I’m single, have two kids, two jobs and I’m not home often (and when I am home, I’m exhausted). How can I make the time when I AM home feel more nurturing (for all of us)?

Rita asked Lauren:

Dear Lauren,

I’m the unmarried mother of a twelve year old boy and a seven year old girl. I work two jobs to pay my bills and I’m worried because I don’t think I get to be with my kids enough. I really love your “message” about cooking and making time to sit together at the table but, to be honest, I just don’t know how to do it. I’m so tired when I get home after work (which is usually between 5:30 and 7 pm) and on the weekends, I work on Saturday, home at about 4 pm. Sunday seems to be my only day when I’m not pulled in all these different directions. Sometimes I think it’s just too late (for me as a mother) to begin to make homemade meals a regular part of our life at home. And yet, when I write those words, I want to cry. My mother loved to cook and, although she had the support of her husband, my father, she also worked and managed to “make it work” for us. I guess I’m getting worried since my son is starting to have a “snippy” attitude and I’m afraid that, when I’m at work, he might be hanging around with the wrong types of kids. I just don’t want to wake up one day and kick myself for not being able to “do it all.” I’m writing to you because I’ve started to feel that this is a really important time for my kids and for my relationship with them. I don’t want us to lose each other because of my outside commitments. Thanks so much for your time.

Lauren says:

Ok, let’s start at the top. First of all, the very fact that you’ve written me this heartfelt note says that you’re ready to make some changes at home. And, for the record, it’s never (ever) too late to make positive changes. Although being a single, working parent can, most definitely, be a challenging scenario; it’s certainly not one that deems you destined to end up feeling filled with private regret.

I’d like to address that phrase “doing it all,” which seems to leave so many people (primarily mothers) feeling hopelessly inferior. Here’s the truth: You’re a mother and you work. So, by definition, you (like most parents) need to accomplish things in more than one aspect of life. If you loved playing a sport or reading books, if you wanted to fit in a daily time to meditate, if you had a sick parent that needed you or if you simply felt it was a priority to get your nails done each week, and if you were also a mother who worked, then you’d also need (or want) to find a way to make that third, fourth or fifth aspect fit, as well. So, as a whole, dimensional person, it’s normal and healthy to want (and need) to “do” more than one thing. And because it feels better to do things well, without interpersonal sacrifice, I’d like to talk about a very valuable skill that can help that to happen. It’s called Multi-tasking.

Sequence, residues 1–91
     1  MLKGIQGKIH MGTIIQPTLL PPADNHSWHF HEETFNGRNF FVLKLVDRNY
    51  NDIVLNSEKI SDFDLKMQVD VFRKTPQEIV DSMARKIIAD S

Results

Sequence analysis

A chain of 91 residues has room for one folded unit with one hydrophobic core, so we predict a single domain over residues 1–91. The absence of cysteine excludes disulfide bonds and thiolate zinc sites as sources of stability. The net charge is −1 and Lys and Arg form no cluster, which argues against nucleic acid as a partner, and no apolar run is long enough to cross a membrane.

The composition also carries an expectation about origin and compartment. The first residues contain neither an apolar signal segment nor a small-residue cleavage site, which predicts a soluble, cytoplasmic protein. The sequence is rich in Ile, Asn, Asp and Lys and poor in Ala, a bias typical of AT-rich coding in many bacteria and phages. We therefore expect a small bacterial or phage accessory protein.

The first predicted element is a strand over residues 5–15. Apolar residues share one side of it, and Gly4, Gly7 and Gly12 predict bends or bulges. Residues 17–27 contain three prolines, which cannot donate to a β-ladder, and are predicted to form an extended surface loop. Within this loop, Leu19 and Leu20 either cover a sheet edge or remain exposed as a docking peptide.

Why not shift your mindset? Think of cooking and meal time as a perfect opportunity to satisfy several physical and emotional needs with one activity.

Because being worried that you don’t get to “really see” your kids enough can interfere with your ability to feel good about your outside commitments and accomplishments, my best suggestion is that you make the most of the time that you DO spend with them at home. Why not use meal time, a time that’s built into the system of life, to not only satisfy physical hunger, but to also get a good glimpse into your children’s thoughts while also reaffirming your place as the devoted leader of your unique and private tribe; your family. I know, from personal experience, that this can help to reduce inner conflict as a working mother.

Having said this, there is not “one right way” to incorporate home-cooked, shared meals into your home. For one family, dinner time is the best time and for others, breakfast works better. One family might be able to swing family meals several times a week while others can only manage to fit it in once. The amount of meals or time of day is much less important that two things that are crucial to making this dimension work. One is that you cook happily, with a loving, nurturing spirit and the other is consistency. If you choose to make Sunday breakfasts “your time” to connect over a thoughtfully prepared meal, when done consistently, your family will most definitely find true comfort in knowing (and trusting) that Sunday is always coming.

Speaking of Sunday mornings, if you really want to get a huge nurturing bang from time spent in the kitchen, you must try my Buttermilk Pancakes!

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